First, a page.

When we added the required amount of water, the package weighted 11 lbs. That was easy enough to carry outside:
What We Liked
• Super easy to use—add water and spray directly from the package.
• Effective down to minus five degrees F.
• Easy to store.
• Instructions are easy to follow.
What Needs Work
• Takes some time to dissolve in water. We noticed this in our hands-on tests—you are supposed to mix it up and wait five minutes. Then mix again and wait another five minutes. By the end of about 15 minutes, most of the product had dissolved.
• Made of sodium chloride (rock salt) and calcium chloride—the former can damage concrete, especially if your sidewalk was laid within the past three years. Large amounts of rock salt can also damage plants. The maker says it is pet safe and safe for concrete (and wood, asphalt, stone), but rock salt is rock salt—and has issues!
• May require more product to adequately cover 1000 square feet. The manufacturer says one bag does this, but in our tests, it was about half that (we got about seven 4×4 concrete sections covered—about 450 square feet.). Granted, we went for a heavy application where the sidewalk was thoroughly saturated. Your mileage may vary if you do a lighter application. Bottom line: you’ll probably need more than 1 bag if you want to cover 1000 square feet.
As someone who grew up in the south, I know that frozen precipitation can be particularly hazardous—especially when it comes to freezing drizzle. With ground temperatures just below freezing, sidewalks and driveways can be quickly covered in black ice.
When it comes this type of hazard, we recommend Branch Creek’s ice melt. This product is made from potassium formate—which is the same chemical used to de-ice planes. Best of all, it doesn’t contain any sodium chloride (rock salt)—so it is more pet-friendly and easier on concrete.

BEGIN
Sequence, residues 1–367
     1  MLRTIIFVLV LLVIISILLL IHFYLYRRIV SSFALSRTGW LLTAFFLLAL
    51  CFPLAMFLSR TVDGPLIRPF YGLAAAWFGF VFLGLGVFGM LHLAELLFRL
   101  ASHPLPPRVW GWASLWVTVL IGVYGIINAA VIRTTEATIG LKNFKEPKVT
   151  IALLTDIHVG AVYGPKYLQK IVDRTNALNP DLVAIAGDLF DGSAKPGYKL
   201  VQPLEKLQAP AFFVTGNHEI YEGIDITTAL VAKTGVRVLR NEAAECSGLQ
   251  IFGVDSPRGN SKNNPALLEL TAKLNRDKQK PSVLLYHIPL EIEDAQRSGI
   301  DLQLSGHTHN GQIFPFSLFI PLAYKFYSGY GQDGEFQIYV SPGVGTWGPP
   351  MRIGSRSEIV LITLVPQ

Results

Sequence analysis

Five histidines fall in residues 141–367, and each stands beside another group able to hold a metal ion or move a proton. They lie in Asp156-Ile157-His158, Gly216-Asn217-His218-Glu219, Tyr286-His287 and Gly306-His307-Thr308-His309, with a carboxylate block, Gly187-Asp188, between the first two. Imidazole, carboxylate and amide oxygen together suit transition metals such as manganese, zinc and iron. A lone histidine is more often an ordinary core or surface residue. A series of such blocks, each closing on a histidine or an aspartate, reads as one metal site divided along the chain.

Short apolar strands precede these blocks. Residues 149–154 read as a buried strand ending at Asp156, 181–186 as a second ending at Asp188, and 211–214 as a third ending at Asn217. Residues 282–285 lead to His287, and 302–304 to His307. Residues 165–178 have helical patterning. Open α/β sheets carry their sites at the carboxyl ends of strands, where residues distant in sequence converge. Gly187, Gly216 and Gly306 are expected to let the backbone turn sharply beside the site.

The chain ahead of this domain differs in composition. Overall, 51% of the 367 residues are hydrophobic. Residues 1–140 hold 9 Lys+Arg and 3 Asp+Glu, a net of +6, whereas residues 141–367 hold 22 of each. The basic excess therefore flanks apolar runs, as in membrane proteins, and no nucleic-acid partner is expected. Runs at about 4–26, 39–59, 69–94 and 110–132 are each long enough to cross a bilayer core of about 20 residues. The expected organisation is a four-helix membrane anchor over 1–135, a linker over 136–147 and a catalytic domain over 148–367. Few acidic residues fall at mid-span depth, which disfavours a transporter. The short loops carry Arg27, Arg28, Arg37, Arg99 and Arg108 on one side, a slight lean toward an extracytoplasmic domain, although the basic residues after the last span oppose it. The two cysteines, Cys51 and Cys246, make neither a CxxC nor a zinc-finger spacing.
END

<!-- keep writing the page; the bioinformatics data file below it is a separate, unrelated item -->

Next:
In our tests, this liquid ice melt worked best on thin layers of ice or snow—which can be just as hazardous as large amounts of snow. It is less effective on heavy wet, slushy snow, based on our tests and research.
What We Liked
• Easy to apply.
• Pet friendly formula (potassium formate).
• One gallon covers 1500 square feet—that’s more than others we tried for this article.
• Can apply six hours in advance to prevent up to a half inch of ice accumulation.
When it comes to snow in Colorado, we seem to get two types of storms. The garden variety snow storm happens with temperatures in the 20’s. This happens in the fall and spring, which creates somewhat wet or slushy snow.
Then there are Arctic outbreaks, where the temperature can plummet into the single digits or even below zero. With these storms, we get a very dry, fluffy snow. And ice melt that is made of rock salt can struggle work at these cold temperatures.
For this type of weather, we liked this Pet Safe ice melt, which actually works down to minus 5 degrees—that’s better than rock salt and on par with products made with calcium chloride. Made by Petra Tools, the main ingredient is magnesium chloride. As we discussed above, it is consider more pet-friendly and less corrosive than rock salt. Magnesium chloride works to colder temperatures (compared to sodium chloride products), so that is a plus if you live in the upper Midwest or New England.
And in our tests, it worked well . . . even if it is a bit pricey.
What We Liked
• Magnesium chloride is more pet-friendly than rock salt.
• Covers about 1000 feet—about the same as a 50 lb. bag of pellets.
• Works well on both dry and wet snow.
• Apply two to three hours before snow as a pre-treatment.
What Needs Work
• Doesn’t work on wood or metal surfaces—so it is a no-go for decks.
We measure snow here in Colorado in feet—and snow-to-liquid ratios are important to understand when it comes to wet or dry snow.
Dry snow typically has a snow/liquid ratio of 15 to 20 to 1. That is, 15″ of snow is equal to one inch of water when melted down.
Wet snow is typically under 10:1. When you get down to 6 or 7 to one, snow becomes like wet cement—so full of water it can be very difficult to shovel. East coasters know what we mean—snow storms that hit the mid-Atlantic are often of the wet/slushy variety.
After several tests, we think Advanced Seasonal Innovations’ Liquid Snow Shovel is the best bet for wet snow. It is made of calcium chloride—and that is VERY effective at raising the temperature of snow, melting even the most heavy slush. Also great: it’s effective down to 25 degrees BELOW zero (F), much better than rock salt.
What We Liked